My neighbor, Tom, came to the door. Tom was in his forties, his only distinguishing feature a patch of blond in his otherwise dark hair. He and his wife had bought the three-bedroom house next to ours four or five years ago, bringing with them a pair of greyhounds nobody wanted after their days at the racetrack were over. That’s the kind of couple they were. Tom had come over to ask me something, but now he couldn’t remember what it was.
“Come on in,” I said. “I made coffee, if you want some.”
He glanced at the coffeemaker. It was the two-cupper Marjorie and I bought right after we first moved in together. It was also one of the few things she hadn’t taken in the divorce.
“No, I think I’m okay, thanks.”
“Suit yourself,” I said, splashing some into a cup.
Outside, the birds were making a racket in the hydrangea bushes. It was so loud, it was almost impossible to concentrate. I should have cut those damn things down years ago.
Tom sighed. “I wish I could remember why I came over here.”
“It’s no problem,” I said. “Really.”
“I know. But it really bugs the hell out of me.” Tom glanced down at the floor, ran a hand through his distinctive blond patch. “Is it too early for a drink?” he asked.
Tom’s wife, Pat, was a recovering alcoholic, so they didn’t keep any liquor in the house. Before Marjorie moved out, he would come over and we’d have a drink when neither of our wives were home.
I glanced at the clock on the coffeemaker. It was 10:09 AM. “Why not?” I said.
I got out the whiskey and two tumblers. Tom liked his whiskey neat. I didn’t blame him.
“Thanks,” he said, knocking his glass against mine.
Tom’s wife, I was pretty sure, was having an affair. There had been a strange car parked across the street from their house for three days, and last night, while I was taking out the recycling, I saw a man who wasn’t Tom leaving Tom’s house. Tom traveled for business—Southeast Asia mostly—and could be gone for a week at a time. It made sense, an affair.
Tom stared out the patio door at the lawn and shook his head. He sipped his whiskey. I could tell he had something on his mind, something that was making him forgetful. I could empathize.
“How’s Jamie?” I asked, to make conversation. Jamie was Tom and Pat’s thirteen-year-old daughter. Marjorie and I had decided against kids. I suffered from a lack of ambition, she claimed, the kind of drive that makes other people successful. Maybe she was right.
Tom shrugged. “Good, I guess.”
We didn’t say anything for a few minutes.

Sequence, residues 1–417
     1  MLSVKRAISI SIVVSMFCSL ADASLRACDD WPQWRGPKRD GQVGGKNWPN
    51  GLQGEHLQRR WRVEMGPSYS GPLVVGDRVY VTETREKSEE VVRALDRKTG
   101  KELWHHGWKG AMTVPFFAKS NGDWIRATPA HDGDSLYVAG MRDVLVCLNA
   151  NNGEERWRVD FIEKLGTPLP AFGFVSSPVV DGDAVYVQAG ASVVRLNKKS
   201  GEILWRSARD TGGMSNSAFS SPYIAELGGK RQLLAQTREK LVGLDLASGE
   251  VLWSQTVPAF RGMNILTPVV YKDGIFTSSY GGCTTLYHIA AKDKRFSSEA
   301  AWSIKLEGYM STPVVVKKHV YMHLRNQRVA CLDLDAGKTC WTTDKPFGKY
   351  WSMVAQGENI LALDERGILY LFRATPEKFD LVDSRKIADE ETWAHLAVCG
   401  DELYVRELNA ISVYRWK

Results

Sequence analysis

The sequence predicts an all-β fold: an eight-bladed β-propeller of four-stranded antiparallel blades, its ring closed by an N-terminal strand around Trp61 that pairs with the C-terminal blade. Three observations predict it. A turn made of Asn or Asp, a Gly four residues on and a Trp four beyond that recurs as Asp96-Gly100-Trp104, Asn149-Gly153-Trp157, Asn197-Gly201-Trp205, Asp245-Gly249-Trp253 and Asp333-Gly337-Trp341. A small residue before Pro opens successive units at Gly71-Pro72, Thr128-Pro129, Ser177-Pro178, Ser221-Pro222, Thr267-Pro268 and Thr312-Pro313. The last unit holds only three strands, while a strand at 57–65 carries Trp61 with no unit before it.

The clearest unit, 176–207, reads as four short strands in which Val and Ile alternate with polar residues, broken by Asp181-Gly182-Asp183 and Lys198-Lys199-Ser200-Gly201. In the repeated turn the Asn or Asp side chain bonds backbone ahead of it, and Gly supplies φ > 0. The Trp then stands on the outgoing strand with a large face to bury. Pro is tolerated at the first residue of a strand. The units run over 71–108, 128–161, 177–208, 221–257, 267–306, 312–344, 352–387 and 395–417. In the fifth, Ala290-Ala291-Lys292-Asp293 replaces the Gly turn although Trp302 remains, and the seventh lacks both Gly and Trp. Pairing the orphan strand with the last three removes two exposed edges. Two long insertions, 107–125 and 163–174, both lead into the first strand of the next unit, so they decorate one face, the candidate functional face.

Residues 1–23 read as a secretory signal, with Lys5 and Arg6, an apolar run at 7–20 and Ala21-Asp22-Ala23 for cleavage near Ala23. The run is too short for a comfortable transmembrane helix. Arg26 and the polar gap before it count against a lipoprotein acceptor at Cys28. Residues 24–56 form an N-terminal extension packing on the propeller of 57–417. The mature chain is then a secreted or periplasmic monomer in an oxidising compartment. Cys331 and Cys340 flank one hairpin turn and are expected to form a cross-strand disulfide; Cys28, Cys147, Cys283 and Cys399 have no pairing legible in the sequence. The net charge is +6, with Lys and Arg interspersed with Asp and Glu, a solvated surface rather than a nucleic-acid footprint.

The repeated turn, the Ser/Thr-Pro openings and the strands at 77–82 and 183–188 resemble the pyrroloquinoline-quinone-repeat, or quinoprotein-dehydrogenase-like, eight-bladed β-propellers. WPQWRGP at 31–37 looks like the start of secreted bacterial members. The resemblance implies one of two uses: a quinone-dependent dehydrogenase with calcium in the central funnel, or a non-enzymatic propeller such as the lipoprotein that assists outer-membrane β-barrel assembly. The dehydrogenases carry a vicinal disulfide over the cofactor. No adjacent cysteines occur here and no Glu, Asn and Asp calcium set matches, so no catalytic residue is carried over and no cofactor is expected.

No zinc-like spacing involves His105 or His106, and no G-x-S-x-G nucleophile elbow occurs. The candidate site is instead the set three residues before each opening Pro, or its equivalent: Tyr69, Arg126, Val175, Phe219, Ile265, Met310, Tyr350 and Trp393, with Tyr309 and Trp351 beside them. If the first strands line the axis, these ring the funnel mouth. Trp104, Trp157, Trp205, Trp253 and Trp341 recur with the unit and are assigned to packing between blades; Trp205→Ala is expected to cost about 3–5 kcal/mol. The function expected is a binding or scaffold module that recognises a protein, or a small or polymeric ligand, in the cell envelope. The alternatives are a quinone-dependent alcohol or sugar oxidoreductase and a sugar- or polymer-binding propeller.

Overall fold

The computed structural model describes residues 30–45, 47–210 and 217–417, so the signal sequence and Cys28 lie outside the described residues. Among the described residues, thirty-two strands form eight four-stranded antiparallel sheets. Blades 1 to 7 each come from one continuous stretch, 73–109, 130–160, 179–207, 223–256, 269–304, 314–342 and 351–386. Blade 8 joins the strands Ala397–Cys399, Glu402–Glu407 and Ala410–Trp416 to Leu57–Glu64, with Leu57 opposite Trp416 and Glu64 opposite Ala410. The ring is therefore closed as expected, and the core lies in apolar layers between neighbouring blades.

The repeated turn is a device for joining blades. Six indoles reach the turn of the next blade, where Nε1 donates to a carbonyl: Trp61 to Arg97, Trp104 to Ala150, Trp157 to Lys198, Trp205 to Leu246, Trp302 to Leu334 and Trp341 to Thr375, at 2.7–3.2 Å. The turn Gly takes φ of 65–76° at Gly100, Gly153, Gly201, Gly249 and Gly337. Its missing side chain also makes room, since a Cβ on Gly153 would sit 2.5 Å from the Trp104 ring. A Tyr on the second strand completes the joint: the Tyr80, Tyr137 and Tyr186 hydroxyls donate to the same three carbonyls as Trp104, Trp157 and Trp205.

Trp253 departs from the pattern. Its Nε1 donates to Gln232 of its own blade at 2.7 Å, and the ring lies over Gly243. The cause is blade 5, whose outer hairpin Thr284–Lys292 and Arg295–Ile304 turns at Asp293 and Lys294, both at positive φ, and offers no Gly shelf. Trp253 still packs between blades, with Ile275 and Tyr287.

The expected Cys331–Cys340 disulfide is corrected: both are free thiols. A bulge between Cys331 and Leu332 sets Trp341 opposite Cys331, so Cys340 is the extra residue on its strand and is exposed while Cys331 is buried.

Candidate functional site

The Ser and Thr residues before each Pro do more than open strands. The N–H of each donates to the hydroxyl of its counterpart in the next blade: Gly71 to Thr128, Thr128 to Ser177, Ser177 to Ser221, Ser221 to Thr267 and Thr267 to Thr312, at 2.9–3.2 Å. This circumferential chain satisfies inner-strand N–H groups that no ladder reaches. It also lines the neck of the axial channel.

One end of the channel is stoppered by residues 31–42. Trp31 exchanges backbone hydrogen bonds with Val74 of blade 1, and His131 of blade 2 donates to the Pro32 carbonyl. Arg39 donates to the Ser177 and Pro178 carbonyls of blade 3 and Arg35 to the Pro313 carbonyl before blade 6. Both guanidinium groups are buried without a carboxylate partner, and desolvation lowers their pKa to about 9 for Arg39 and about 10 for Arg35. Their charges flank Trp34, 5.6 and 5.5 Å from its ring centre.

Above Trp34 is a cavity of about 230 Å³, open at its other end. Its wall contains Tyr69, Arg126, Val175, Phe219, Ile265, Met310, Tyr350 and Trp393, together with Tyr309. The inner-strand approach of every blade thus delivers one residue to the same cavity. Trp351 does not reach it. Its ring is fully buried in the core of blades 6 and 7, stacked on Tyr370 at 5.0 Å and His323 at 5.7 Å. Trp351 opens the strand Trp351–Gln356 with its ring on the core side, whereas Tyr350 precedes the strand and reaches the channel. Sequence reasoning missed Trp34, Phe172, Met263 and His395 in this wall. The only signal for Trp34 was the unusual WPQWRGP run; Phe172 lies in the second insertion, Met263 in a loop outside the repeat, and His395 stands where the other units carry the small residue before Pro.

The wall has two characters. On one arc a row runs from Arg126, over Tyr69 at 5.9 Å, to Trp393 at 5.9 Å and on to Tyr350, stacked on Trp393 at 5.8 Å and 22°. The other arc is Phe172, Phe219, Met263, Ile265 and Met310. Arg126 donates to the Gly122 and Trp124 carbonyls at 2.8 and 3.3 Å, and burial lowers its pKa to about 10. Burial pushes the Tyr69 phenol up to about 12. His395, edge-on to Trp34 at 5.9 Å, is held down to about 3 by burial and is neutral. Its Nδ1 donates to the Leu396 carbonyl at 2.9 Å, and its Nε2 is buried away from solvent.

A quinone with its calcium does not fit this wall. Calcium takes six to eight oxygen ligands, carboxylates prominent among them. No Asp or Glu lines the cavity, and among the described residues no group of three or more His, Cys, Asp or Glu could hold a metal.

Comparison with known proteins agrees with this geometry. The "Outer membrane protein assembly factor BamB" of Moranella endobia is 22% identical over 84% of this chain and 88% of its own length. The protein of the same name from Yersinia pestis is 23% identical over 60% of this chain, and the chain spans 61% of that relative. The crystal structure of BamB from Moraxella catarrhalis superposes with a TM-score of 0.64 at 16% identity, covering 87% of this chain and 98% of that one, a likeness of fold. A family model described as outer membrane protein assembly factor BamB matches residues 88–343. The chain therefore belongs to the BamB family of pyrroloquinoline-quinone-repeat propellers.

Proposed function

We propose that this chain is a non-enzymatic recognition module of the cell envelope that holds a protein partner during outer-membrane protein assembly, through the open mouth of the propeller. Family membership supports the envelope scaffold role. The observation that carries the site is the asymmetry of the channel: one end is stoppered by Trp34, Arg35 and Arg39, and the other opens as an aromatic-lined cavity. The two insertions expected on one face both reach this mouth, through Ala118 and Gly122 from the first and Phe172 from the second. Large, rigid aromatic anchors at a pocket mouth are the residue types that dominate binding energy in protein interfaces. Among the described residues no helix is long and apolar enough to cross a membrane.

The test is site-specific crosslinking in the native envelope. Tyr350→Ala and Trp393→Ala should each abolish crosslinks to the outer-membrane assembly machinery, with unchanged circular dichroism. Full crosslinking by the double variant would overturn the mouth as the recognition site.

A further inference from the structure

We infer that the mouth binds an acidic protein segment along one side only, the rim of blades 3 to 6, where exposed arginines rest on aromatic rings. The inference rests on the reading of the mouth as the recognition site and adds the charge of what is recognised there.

“Well, thanks for the drink,” he said once he had drained the last of his whiskey. “I’ll give you a call if I ever remember what it was I came over here for.”
“Sure. Let me walk you out,” I said.
When we reached the door, Tom stopped. There was a sound like a buzz saw coming from across the street and, looking up, my eyes found a drone with five or six propellers hovering over the Walshes’s lawn. In its claws was a small package.
“I hate those goddamn things,” Tom said. “They’re always flying over my goddamn house. It’s gotten so bad, Pat and I have to sleep with the windows closed, even when it’s nice out.”
I made a visor out of my hand and thought about the strange car and the man that wasn’t Tom leaving Tom’s house. Then I went into the bedroom and came back with the shotgun Marjorie and I had kept in the very unlikely event that our house was ever burglarized. Now she has one of those state-of-the-art home defense systems. The police arrive much faster than you’d think.
“Here,” I said, handing it to him.
Tom looked left and then right. Then he proceeded into the street.
“Is anyone coming?” he shouted.
I looked up and down the block again.
“All clear!” I hollered, and then I watched Tom fit the shotgun to his shoulder and blast that son of a bitch right out of the sky.
Joseph Pfister’s fiction has appeared in PANK, Juked, decomP, The Fanzine, and Right Hand Pointing, among others, and was long-listed by The Wigleaf Top 50 (Very) Short Fictions 2013. He is a graduate of the MFA Writing program at Sarah Lawrence College, and lives in Brooklyn with his wife and their dog, Roary. He is currently at work on his first novel. Visit him online at josephspfister.com or @joe_pfister.